A new Programmable City Working Paper (No. 45) has been published. PDF
Decentering the smart city
This short working paper provides a critique of the smart city and the alternative visions of its detractors, who seek a more just and equitable city. Drawing parallels with data activism and data justice, it is argued that two main approaches to recasting the smart city are being adopted: inverting the ethos and use of smart city technologies; and discontinuing and blocking their deployment. The case is made for decentring the smart city, moving away from the reification of technologies to frame and consider their work within the wider (re)production of social relations.
Key words: smart city, technological solutionism, decentring, equality, justice, citizenship
It is a pre-print of Kitchin, R. (in press) Afterword: Decentering the smart city. In Flynn, S. (ed) Equality in the City: Imaginaries of the Smart Future. Intellect, Bristol.
The core argument is captured in this passage.
We need to stop casting ‘smartness’ and digital technologies in a privileged, significant independent role and recognize them as the agents of wider structural forces. This requires us to focus on and imagine the future city in a more holistic sense, and how smartness might or might not be a means of realising a fairer, more open and tolerant city. Rather than trying to work out how to insert equality into smartness, instead the focus is squarely on equality and reconfiguring structural relations and figuring out how smart technologies can be used to create equality and equity in conjunction with other kinds of interventions, such as social, economic and environmental policy, collaborative planning, community development, investment packages, multi-stakeholder engagement, and so on.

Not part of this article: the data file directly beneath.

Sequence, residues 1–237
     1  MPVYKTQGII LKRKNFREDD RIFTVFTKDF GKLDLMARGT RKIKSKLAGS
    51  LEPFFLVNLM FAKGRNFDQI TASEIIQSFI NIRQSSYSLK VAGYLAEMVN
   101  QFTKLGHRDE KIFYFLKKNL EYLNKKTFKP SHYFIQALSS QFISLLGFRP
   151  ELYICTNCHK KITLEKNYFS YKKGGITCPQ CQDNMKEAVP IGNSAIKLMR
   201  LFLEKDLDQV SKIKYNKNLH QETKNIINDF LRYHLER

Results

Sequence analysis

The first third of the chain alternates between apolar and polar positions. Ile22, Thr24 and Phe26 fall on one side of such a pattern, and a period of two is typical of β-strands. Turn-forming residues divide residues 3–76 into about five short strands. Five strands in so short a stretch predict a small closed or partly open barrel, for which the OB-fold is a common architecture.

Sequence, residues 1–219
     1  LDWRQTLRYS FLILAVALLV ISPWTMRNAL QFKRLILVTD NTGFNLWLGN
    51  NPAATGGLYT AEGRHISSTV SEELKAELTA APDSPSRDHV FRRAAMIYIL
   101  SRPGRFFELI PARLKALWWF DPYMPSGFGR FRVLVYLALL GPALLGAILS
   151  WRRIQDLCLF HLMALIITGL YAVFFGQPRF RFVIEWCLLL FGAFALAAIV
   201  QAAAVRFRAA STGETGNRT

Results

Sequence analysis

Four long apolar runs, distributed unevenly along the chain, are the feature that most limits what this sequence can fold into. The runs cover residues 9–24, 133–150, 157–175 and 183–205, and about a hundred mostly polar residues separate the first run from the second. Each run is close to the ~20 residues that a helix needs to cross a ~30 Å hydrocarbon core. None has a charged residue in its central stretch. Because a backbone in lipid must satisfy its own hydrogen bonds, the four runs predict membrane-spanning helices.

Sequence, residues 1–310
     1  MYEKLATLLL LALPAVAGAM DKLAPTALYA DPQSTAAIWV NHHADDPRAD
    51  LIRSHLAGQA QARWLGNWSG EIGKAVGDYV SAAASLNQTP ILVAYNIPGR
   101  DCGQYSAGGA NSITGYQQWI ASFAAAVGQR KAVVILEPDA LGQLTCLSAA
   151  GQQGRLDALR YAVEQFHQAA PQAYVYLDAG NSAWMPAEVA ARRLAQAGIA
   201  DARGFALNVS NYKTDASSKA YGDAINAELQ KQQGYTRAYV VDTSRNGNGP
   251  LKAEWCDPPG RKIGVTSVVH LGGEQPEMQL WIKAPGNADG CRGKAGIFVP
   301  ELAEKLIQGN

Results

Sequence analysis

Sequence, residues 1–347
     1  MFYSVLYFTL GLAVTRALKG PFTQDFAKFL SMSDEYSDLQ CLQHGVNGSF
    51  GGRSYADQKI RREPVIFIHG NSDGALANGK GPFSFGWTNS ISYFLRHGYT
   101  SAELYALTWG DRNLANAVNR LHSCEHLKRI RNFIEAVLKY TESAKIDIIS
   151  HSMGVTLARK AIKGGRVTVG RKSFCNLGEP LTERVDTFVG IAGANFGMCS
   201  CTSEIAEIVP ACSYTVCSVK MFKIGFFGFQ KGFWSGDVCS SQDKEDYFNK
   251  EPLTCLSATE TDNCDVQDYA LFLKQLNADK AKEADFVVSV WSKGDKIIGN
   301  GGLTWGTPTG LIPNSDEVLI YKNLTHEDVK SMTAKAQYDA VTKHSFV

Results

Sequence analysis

The issues facing cities are not going to be fixed through technological solutionism, but a multifaceted approach in which technology is one just one component (Morozov and Bria 2018). Homelessness is not going to be fixed with an app; it requires a complex set of interventions of which technology might be one part, along with health care and welfare reform, tackling domestic abuse, and a shift in the underlying logics of the political economy (Eubanks 2017). Congestion is not going to be fixed with intelligent transport systems that seek to optimize traffic flow, but by shifting people from car-based travel to public transit, cycling and walking. Similarly, institutionalized racism channelled and reproduced through predictive policing will not be fixed solely by tinkering with the data and algorithms to make them more robust, transparent and fairer, but by addressing institutionalized racism more generally and the conditions that enable it (Benjamin 2019).
In such a decentred perspective, platform and surveillance capitalism are not framed as separate and distinct forms of capitalism, and racism expressed through smart urbanism is not cut adrift from the structural logics and operations of institutionalized racism (understood in purely technical and legal terms). Rather, smart city technologies and their operations are framed with respect to capitalism and racism per se, and the solutions are anti-capitalist alternatives and anti-racism in which smart city technologies might or might not play some part.
Read more Paper PDF